Sunday, October 28, 2007

KursweilAI.net's: The Brain

KurzweilAI.net features the big thoughts of today's big thinkers examining the confluence of accelerating revolutions that are shaping our future world, and the inside story on new technological and social realities from the pioneers actively working in these arenas.

A mini-education lies within this link. Enter KurszweilAI.net's The Brain and spend some time. Enter The Brain here.

Sunday, October 14, 2007

Climate Change and the Kardashew Scale

Our civilization when rated on the Kardashev scale is a Type 0. We have yet to move into what Kardashev classifies as a Type 1 Civilization.

The renowned physicist Dr. Michio Kaku, someone who is known for his ability translate the complexities of the cosmos in laymen’s terms, describes a Type 1 Civilization as: A civilization that would be able to manipulate truly planetary energies. They might, for example, control or modify their weather. They would have the power to manipulate planetary phenomena, such as hurricanes, which can release the energy of hundreds of hydrogen bombs. Perhaps volcanoes or even earthquakes may be altered by such a civilization.

So I guess the big questions are: Will our technology evolve in time to control the current course of planetary climate change? Will we at some point begin a modern version of the Dark Ages, if our climate spins out of control? Have we already lost the race between our ability to destroy the planet and our development of the tools necessary to save it?

Labels:

Thursday, October 04, 2007

The Inevitability of Climate Change

Massive planetary climate change and its inevitability will become a pivotal point in both human history and human evolution. Without the intervention of some miracle technological innovation, we as a species have set in motion a system, a mindset, and an obsession that is delivering our planet to an intersection from which there is no return.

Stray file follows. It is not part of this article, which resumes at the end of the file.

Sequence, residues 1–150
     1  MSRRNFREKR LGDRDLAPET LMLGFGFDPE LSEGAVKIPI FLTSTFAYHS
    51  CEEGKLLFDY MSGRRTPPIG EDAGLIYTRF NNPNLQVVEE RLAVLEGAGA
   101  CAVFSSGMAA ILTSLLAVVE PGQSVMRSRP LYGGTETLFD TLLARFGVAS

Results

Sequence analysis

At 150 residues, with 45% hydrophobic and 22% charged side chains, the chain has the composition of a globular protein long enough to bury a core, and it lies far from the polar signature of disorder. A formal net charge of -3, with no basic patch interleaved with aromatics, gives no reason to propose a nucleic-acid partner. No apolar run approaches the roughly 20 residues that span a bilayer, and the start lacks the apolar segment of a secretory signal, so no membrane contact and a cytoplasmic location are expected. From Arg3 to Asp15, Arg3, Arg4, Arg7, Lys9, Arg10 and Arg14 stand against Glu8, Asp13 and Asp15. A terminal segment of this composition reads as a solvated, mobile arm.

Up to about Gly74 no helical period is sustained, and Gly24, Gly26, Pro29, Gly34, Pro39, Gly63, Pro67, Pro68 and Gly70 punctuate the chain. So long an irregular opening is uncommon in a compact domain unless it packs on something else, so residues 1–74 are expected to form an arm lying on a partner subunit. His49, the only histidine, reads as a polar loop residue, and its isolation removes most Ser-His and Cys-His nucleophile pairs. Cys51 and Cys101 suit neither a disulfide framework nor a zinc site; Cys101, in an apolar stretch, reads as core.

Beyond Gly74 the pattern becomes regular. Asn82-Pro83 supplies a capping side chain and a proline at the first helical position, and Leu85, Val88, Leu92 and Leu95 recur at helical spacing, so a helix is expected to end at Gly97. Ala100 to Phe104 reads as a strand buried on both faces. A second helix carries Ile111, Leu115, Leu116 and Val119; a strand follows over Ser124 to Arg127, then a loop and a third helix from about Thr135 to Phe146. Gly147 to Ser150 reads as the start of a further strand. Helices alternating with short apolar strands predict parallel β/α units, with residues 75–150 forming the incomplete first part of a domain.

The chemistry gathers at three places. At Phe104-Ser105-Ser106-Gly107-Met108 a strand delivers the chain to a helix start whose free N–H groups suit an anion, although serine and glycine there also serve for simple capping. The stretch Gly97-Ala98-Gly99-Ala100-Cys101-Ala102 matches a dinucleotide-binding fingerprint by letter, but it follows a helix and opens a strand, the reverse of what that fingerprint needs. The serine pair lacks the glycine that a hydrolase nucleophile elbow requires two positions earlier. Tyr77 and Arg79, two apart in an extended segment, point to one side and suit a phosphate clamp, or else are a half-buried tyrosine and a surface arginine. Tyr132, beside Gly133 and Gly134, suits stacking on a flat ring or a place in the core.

In a recent article, Why Climate Change Can't Be Stopped, authors Paul J. Saunders, Vaughan Turekian effectively explain why.

The international political environment also makes truly significant emissions cuts very unlikely. In 2010, according to the U.S. Energy Information Administration, developing countries will emit nearly 20 percent more CO2 emissions than developed countries. Indeed, only in China (and perhaps India) would emissions limits or cuts make more of a difference than in the United States. By one estimate, China has already surpassed America in emissions to become the world’s leader and, with sustained high growth rates, will open the gap even further. In fact, if China grows at 8 percent for the next nine years, its economy will double in size—and its greenhouse gas emissions can be expected roughly to double as well. Moreover, as China’s economy expands, it is turning increasingly to carbon-laden coal for electricity. And although China’s energy intensity (energy consumed per unit of economic output) has decreased by nearly 5 percent per year for the last two decades as a result of greater efficiency, it is still nearly seven times that of the United States, according to the World Bank. At this rate, China’s growth trajectory could add the equivalent pollution of another present-day United States to the climate system in a little more than a decade. Read entire article here.

Labels:

Creative Commons License
This work is licensed under a Creative Commons License.